Here’s a problem for you to consider when you have the time. I’d like your opinion as to the merits of my thinking and a solution if you see one.
Here goes. You have two opposing forces, Japanese and ABDA. Each has cruisers and destroyers. One side (either one) upon viewing the other side decides that it is disadvantaged in a gunnery duel. That side (weather allowing) has a destroyer division lay smoke that covers the remainder of its force. Meanwhile it parallels the smoke laying destroyers with a division or two of destroyers within the first range band of their torpedoes.
What does the other side do? If they penetrate the smoke they are torpedo bait to the waiting enemy destroyers. I say that because with a typical TT mount (4 for IJN/RN or 3 for USN/RNN) the chance to hit without evasion is 1-9 for the IJN/RN, 1-8 for the USN and 1-6 for the RNN. Even with evasion the only navy with less than a 50% chance to hit is the Dutch. That’s long odds any way you figure it and the fact that most destroyers have two mounts makes it worse.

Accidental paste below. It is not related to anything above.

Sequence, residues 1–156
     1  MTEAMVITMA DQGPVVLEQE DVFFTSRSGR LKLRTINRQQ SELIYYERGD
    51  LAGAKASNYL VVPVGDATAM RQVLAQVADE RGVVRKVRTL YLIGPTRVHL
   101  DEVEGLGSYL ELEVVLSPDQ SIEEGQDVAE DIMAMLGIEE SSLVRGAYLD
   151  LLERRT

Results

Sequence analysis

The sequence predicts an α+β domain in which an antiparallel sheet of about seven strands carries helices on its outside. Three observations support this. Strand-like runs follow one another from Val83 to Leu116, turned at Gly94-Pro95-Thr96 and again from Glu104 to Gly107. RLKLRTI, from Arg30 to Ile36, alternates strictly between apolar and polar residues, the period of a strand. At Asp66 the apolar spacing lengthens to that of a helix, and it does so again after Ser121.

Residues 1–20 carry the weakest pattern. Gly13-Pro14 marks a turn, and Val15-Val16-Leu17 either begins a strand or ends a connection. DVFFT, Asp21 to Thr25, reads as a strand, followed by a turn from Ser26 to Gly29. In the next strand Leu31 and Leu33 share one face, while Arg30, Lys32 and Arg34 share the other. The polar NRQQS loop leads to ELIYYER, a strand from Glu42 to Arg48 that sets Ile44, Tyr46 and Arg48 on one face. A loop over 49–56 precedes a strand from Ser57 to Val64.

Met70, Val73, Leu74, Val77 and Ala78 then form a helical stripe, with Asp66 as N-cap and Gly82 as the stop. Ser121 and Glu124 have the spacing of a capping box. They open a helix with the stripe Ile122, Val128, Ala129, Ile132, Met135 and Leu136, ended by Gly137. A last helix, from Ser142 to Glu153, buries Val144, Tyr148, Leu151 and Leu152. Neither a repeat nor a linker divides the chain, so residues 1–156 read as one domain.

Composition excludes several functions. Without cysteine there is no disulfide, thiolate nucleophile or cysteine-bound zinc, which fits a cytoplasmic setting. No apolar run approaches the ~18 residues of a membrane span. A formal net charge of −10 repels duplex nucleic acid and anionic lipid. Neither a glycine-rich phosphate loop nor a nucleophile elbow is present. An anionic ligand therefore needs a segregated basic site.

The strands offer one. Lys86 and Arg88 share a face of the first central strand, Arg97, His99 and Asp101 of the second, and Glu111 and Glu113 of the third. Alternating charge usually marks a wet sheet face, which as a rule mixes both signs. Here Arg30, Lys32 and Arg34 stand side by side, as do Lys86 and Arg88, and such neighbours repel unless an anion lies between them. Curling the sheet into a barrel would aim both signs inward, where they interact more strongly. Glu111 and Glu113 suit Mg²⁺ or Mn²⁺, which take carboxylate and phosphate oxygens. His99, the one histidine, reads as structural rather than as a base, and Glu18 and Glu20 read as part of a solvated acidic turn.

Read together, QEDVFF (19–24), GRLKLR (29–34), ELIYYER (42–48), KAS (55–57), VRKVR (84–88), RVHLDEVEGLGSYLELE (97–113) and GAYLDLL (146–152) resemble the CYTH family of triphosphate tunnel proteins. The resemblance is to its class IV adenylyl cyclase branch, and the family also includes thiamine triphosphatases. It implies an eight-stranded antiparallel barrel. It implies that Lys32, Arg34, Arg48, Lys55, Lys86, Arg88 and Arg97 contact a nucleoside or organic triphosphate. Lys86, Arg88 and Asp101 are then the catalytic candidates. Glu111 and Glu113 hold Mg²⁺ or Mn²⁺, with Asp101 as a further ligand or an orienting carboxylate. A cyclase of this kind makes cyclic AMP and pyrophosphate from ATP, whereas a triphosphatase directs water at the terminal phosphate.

You know me. I look at this stuff and try to figure out an optimum tactic to use and then I look for a counter. In other words, I try and foresee scenarios and what to do immediately upon seeing them. I see how to nullify the one side’s advantage, but now how do I counter the tactic.
I realize that the ref has to take the helicopter view away from both sides when they are blanked in smoke. I guess the answer is to treat them as if it is night and require that they commit to a plan of action based on what they last saw before the smoke blinded them. I cannot see me being willing to endanger my ships at point blank torpedo range by plunging through the smoke. What do you think?